The report of the judicial commission investigating the loss of the MV Bukoba, which sank in Lake Victoria with the loss of 700 lives last May (TA No 55) was published on September 6 and spread the blame widely – the Tanzania Railways corporation’s Marine Division for operating the vessel without due care (it had a long-standing stability problem yet on its final voyage it was overloaded, there was improper storage of cargo and inadequate ballasting); the division was said to have been characterised by gross negligence , inefficiency and corruption; the government was blamed for buying a defective ship (although this was partially because of a lack of expertise on the Tanzanian side and the crisis in Lake shipping caused by the collapse at the time of the East African community’s Lake steamer services; this had placed Tanzania in a weak bargaining position with the suppliers); and the Belgian shipbuilders (BSC) for supplying a vessel which did not correspond to the specifications and for not giving the users adequate guidelines on the extremely delicate handling the ship required. The report also described as ‘regrettable’ the failure of the Belgian government to finance promised rehabilitation work on the ship. The Belgian government has since refused to pay compensation to the victims stating that the shipbuilders (who are believed to have gone out of business) were responsible. But the matter remained under discussion in the Belgian parliament.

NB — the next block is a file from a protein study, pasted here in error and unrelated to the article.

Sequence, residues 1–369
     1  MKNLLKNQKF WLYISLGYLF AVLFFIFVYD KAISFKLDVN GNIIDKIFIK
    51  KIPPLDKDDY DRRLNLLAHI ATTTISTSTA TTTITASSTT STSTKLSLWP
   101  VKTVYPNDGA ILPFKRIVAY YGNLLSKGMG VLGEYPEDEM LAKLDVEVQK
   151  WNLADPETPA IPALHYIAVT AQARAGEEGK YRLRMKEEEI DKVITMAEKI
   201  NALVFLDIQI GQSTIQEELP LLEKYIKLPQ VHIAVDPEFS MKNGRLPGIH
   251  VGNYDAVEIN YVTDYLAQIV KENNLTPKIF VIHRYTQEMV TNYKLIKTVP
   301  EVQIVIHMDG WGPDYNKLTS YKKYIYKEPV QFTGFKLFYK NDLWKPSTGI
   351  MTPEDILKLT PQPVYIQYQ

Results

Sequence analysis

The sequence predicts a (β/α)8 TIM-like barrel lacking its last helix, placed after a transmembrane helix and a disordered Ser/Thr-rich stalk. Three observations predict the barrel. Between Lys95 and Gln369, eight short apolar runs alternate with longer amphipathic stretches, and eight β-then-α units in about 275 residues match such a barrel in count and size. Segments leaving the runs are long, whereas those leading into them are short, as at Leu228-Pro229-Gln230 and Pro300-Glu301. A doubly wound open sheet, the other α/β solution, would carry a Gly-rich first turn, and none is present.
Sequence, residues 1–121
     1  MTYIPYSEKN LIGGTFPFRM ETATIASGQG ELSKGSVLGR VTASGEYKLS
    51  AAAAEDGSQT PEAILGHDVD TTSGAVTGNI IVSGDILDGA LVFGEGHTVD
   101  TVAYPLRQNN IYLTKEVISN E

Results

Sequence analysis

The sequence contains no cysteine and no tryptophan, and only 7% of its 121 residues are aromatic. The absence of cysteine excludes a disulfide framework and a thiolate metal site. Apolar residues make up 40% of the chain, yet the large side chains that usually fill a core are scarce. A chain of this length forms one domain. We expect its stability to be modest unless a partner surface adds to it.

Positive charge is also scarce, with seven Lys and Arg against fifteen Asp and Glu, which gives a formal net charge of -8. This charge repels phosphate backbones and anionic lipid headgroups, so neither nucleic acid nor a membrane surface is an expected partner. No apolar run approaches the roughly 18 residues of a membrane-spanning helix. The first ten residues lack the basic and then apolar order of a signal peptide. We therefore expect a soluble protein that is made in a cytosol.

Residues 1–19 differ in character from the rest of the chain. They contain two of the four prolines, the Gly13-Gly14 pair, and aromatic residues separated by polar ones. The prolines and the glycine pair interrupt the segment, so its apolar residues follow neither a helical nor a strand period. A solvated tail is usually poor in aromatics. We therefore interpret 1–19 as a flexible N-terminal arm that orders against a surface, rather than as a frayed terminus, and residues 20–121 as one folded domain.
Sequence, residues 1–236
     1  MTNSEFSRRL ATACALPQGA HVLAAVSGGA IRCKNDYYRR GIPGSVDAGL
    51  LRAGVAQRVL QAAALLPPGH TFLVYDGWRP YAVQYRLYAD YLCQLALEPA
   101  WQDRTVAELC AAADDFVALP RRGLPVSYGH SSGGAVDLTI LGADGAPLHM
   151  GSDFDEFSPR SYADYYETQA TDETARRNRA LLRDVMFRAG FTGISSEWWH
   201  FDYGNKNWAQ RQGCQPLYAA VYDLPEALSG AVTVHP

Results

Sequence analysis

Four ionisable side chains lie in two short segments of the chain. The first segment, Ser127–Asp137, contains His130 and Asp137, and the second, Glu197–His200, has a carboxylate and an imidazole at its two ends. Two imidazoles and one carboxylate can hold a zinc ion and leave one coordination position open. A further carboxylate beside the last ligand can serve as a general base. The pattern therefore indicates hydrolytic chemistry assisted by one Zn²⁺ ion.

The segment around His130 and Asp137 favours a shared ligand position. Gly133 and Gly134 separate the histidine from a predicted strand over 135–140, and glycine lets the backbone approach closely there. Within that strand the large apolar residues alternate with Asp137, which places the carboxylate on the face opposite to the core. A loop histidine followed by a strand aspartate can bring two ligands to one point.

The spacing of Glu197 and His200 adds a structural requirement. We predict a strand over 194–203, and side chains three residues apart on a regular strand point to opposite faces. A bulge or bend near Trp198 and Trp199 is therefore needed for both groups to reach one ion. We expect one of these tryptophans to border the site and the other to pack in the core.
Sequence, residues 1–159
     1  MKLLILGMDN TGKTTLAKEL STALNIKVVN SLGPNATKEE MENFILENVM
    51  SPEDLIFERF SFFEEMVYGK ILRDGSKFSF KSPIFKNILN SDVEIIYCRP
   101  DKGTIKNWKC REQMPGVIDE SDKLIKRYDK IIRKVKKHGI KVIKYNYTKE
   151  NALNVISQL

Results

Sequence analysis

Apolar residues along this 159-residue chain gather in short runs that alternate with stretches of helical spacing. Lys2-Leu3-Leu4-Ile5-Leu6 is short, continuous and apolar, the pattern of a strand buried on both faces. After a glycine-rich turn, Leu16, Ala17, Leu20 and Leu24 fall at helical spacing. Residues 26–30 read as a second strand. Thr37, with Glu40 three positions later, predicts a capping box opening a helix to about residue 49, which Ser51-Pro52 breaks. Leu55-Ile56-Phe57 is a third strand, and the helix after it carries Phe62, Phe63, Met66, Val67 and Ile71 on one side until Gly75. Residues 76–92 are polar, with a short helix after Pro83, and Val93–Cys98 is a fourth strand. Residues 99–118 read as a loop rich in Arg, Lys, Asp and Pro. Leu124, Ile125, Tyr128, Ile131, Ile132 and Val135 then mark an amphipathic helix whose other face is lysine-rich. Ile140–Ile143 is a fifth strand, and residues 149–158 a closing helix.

The Director of Public Prosecutions announced on November 27 that criminal charges were being prepared against a number of people in connection with the tragedy.